All posts by Kathe Simons

The Best Laid plans—even better!

When we started shopping seriously for an RV and a tow vehicle, we knew we wanted something that could accommodate a couple of our grandchildren traveling with us at a time. We chose an RV with a pull-out sofa bed AND a truck with a crew cab and plenty of legroom for growing kids. Even before purchasing Rhett (RV) and Scarlett (our ruby red F350), we started dreaming about when we might be able to have our two oldest grandsons join us for an extended vacation.

We began planning with Graham and Dean more than a year and a half ago and asked them what national parks they’d like to visit. We knew it would be summer of 2019 and by then they’d be 13-1/2 and 11. They first mentioned wanting to see Arches and Canyonland; we put our heads together and planned an amazing itinerary that would include all of the national parks in Utah as well as the North Rim of the Grand Canyon and maybe even the Petrified Forest NP.

Our first park together, Arches NP.

At Christmastime, we enlisted the boys’ help to research each of the parks in Utah—what specific places/hikes within the parks would they like to try? We chose dates and we started making reservations at campgrounds along the way — people warned us over and over about how blistering hot it would be in the summer so we made sure that we’d have full hook-ups (and air conditioning) at every stop.

Canyonlands! Park #2.

To say that these last three weeks have been everything we hoped for would be a tremendous understatement. Graham and Dean have been the most wonderful traveling companions—incredibly helpful, appreciative, curious, flexible, and hilarious! We have had such a fabulous time laughing and living together—we are REALLY going to miss them!

The most recent blog post (authored by Dean) covered our adventures through July 9th. After that, we spent time in Zion National Park, the north rim of the Grand Canyon, and the Petrified Forest NP (including the Painted Desert). The boys visited Walnut Canyon National Monument with Grandpa on the last day of our adventure.

Al was really excited that we’d be able to spend time at Zion; we had visited it VERY briefly 30 years ago (when our kids were 11 and 7) and Al had really looked forward to returning for a more complete visit.

Zion National Park

In Zion, you’re at the bottom of the canyon, looking up. A nice change!

In contrast to Bryce, Zion was incredibly warm. We topped out at 111 degrees! Our campground was about 14 miles from the entrance to the park. We were able to drive into community of Springdale where we picked up a free shuttle into the park and transferred onto a free park shuttle. When there are shuttles running, no private cars are allowed into most areas of the park.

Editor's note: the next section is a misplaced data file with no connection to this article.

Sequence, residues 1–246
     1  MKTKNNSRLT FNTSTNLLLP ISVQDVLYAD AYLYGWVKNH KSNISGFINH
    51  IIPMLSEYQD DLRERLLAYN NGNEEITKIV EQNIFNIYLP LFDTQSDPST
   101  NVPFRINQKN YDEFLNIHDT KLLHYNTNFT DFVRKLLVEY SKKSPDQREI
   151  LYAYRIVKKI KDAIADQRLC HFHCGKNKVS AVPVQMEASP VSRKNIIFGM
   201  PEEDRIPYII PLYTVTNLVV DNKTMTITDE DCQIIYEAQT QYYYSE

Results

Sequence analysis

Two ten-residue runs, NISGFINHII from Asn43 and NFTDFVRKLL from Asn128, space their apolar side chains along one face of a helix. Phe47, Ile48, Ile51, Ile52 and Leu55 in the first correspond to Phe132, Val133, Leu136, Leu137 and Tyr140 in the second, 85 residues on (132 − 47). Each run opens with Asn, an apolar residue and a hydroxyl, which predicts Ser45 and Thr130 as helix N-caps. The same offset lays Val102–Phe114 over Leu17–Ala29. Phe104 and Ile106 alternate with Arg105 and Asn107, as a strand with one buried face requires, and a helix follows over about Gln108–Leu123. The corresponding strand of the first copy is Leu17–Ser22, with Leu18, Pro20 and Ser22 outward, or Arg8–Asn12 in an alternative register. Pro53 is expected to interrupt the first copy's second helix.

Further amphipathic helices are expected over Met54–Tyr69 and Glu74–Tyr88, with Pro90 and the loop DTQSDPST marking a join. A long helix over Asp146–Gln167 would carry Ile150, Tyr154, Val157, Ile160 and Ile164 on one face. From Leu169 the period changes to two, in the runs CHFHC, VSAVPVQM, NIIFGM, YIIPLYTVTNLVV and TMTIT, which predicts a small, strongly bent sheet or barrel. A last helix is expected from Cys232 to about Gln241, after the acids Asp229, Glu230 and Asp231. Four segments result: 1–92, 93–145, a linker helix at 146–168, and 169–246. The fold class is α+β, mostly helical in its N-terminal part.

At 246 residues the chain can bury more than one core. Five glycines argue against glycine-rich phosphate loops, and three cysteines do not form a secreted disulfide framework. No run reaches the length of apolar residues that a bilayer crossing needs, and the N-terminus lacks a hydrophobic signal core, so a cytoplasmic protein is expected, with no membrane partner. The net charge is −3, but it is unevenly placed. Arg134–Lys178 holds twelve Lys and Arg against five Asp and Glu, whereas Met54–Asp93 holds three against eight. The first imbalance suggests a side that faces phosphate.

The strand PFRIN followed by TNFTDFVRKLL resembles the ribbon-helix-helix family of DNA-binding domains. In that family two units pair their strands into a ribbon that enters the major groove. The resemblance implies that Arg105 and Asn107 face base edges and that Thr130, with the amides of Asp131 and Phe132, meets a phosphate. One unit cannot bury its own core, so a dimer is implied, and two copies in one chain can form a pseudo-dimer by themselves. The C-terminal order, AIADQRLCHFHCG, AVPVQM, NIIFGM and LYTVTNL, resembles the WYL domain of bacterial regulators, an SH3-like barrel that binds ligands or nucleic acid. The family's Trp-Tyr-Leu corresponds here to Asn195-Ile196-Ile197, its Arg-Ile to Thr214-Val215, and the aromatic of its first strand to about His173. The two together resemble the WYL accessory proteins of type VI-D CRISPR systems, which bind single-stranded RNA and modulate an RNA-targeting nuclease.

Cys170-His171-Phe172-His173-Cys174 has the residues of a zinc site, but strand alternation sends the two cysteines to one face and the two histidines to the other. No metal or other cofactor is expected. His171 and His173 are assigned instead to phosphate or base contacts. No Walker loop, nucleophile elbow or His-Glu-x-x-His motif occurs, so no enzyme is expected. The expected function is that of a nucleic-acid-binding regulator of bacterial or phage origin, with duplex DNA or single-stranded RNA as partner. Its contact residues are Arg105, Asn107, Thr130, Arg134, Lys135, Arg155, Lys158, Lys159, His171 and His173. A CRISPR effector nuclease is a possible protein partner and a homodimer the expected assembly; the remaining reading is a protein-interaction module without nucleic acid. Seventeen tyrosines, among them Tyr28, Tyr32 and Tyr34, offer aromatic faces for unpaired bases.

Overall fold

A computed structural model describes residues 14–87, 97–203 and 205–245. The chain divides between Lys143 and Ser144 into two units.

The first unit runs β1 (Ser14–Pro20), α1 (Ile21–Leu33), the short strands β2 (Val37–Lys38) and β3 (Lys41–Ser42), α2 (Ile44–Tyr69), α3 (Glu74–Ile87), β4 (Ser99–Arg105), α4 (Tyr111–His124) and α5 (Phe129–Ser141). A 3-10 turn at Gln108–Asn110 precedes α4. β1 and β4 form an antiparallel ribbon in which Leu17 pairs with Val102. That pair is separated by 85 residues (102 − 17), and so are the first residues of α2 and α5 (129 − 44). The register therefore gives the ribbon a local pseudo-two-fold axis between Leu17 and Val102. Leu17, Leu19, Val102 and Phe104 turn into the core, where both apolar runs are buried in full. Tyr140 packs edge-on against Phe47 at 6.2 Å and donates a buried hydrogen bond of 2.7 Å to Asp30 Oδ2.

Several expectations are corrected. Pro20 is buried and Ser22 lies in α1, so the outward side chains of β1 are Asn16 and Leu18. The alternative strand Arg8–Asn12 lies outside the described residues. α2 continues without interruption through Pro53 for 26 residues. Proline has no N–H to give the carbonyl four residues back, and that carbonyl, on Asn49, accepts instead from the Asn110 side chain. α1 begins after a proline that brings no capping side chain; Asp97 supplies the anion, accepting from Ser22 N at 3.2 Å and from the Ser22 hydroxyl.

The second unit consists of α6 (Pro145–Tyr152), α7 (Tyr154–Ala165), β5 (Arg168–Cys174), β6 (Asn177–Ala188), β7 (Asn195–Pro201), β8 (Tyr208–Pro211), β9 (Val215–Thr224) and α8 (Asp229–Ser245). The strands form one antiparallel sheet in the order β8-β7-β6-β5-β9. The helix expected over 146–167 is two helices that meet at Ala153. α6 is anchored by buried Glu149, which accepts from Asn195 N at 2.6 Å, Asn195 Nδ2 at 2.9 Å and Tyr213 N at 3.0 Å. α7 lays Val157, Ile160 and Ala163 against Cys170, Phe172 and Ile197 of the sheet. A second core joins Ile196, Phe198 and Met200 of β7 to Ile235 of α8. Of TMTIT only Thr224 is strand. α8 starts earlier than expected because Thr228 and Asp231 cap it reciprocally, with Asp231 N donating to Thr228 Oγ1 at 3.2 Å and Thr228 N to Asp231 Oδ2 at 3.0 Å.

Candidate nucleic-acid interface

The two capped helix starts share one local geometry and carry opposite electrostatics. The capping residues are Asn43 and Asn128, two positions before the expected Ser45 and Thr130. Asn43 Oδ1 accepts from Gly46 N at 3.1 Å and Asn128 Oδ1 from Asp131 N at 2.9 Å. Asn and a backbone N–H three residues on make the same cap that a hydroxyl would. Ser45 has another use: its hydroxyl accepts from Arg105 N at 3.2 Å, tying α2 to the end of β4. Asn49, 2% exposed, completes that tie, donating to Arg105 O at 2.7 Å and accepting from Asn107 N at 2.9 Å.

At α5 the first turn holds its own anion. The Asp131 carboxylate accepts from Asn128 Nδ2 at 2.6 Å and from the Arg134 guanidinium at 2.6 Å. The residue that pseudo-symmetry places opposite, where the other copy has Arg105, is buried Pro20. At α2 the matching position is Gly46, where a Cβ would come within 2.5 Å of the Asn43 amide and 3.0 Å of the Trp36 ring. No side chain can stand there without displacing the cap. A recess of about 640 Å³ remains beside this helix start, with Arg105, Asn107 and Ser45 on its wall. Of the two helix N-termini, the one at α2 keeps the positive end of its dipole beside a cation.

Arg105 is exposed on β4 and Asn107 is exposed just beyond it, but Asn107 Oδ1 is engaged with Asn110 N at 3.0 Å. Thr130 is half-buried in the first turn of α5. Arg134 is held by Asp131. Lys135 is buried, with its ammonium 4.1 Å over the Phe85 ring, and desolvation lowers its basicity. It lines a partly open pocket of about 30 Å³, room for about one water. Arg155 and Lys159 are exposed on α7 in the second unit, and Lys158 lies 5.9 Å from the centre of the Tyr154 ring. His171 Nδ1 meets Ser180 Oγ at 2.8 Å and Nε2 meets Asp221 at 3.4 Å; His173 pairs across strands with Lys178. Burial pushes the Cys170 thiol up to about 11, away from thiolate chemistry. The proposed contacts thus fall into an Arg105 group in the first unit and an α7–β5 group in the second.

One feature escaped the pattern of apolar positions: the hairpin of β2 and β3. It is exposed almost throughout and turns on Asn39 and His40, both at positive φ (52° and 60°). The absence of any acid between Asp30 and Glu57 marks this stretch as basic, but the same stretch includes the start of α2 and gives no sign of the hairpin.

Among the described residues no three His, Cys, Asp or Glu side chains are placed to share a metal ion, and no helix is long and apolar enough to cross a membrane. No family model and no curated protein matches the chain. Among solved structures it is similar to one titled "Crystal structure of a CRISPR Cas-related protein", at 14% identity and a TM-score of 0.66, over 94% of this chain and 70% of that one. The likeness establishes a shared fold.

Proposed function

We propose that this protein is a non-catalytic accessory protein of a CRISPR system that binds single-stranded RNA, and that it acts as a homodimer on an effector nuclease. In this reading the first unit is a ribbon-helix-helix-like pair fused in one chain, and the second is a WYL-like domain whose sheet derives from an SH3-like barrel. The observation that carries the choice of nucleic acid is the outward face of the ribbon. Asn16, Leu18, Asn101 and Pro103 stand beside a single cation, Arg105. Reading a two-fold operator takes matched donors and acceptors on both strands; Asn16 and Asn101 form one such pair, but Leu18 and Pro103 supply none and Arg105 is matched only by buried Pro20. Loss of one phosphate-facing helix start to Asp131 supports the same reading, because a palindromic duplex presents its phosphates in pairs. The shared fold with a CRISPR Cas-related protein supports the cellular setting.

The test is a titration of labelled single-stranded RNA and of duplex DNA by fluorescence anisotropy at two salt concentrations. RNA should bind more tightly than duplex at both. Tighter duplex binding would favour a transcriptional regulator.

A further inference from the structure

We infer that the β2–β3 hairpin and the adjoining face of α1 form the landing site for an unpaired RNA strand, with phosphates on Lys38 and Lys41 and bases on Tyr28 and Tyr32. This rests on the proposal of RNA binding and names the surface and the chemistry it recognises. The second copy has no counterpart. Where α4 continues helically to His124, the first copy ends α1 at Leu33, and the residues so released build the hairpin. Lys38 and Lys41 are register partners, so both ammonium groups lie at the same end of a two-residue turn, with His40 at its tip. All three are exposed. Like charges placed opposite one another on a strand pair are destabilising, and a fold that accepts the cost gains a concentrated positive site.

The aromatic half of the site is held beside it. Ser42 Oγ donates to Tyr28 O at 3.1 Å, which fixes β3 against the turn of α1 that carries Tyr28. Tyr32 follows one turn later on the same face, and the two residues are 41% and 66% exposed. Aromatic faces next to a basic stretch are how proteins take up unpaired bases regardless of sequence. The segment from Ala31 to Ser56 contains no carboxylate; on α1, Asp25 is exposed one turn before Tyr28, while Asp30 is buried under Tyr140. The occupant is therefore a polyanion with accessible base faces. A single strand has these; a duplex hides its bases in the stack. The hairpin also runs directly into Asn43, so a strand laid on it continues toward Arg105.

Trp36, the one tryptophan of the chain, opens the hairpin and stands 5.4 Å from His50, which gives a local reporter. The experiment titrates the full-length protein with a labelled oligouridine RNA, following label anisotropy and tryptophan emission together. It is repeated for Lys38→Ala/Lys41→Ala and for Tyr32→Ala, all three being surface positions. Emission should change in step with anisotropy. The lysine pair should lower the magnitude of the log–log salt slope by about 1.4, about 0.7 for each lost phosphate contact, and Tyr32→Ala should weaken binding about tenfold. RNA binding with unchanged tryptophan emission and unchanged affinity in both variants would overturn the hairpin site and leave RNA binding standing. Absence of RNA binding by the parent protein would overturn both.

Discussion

We got up early in the morning (before the heat of day) to hike the Riverside Walk up to the start of the Narrows. The shuttles were pretty busy(*) and we noticed many folks with special waterproof shoes and walking sticks. These items are available for rent for the brave souls who would actually walk up through the water-filled canyon–we talked to a couple of women who had walked in to where the water was up to their waist. One of them tripped and fell into the water (but luckily didn’t damage her expensive camera).

(*) Pro tip: The shuttles are very busy with 45 minute to one hour waits at the visitor center even as early as 7:00 AM. If you arrive at the park relatively early, drive up to the first stop, the Museum, and board the shuttle there. You’ll have to stand, but you can get on with no line! I don’t know when the museum parking fills, but there was lots of space there when we went by at a bit past 8:00.

We only went to up to the point where the trail moves into the riverbed. Maybe another time we’ll go up the river a bend or two but even going only this far the canyon shows many different faces.

Photo credit: Graham Simons
Photo credit: Graham Simons

Walking alongside the river was a great time to learn about fast shutter speed photography, to stop the motion of the water!

Photo credit: Graham Simons

The land is home for the wildlife; we are just visitors.

Soooo many squirrels gathering and burying food! We were walking through their pantry. Photo credit: Graham Simons
A mule deer browsing just a few feet off the trail. Is it good that they are completely accustomed to the flow of people? Photo credit: Graham Simons
But this one wanted to get away from all of us… and did!

The valley section containing the canyon and Narrows is in the west side of the park. Our second day in the park, the boys and Al went to the east side, where the geography is very different.

Al: To go between east and west one must go through a long, narrow, twisty tunnel. Our dually pickup Scarlet was too large to go through with traffic flowing both directions, so we had to wait for westbound traffic to be shut down so that we (and many others) could go east. The Ranger’s last words to us before we entered: “Drive in the middle.” Talk about “it goes without saying!”

We saw so many large vehicles waiting in line both directions that I think it likely the tunnel never sees two-way traffic during the summer. But even so, we couldn’t take Rhett through if we wanted to (we didn’t), because it is too tall!

The geography in the east side of the park is very different. It is pretty much wide open, with sloping sandstone hills showing very distinct layers. Graham, Dean, and I had a great time scrambling on the rocks in a few places. We would have done more, but the heat limited our willingness to be out of the truck’s air conditioning for a longer time!

Photo credit: Dean Simons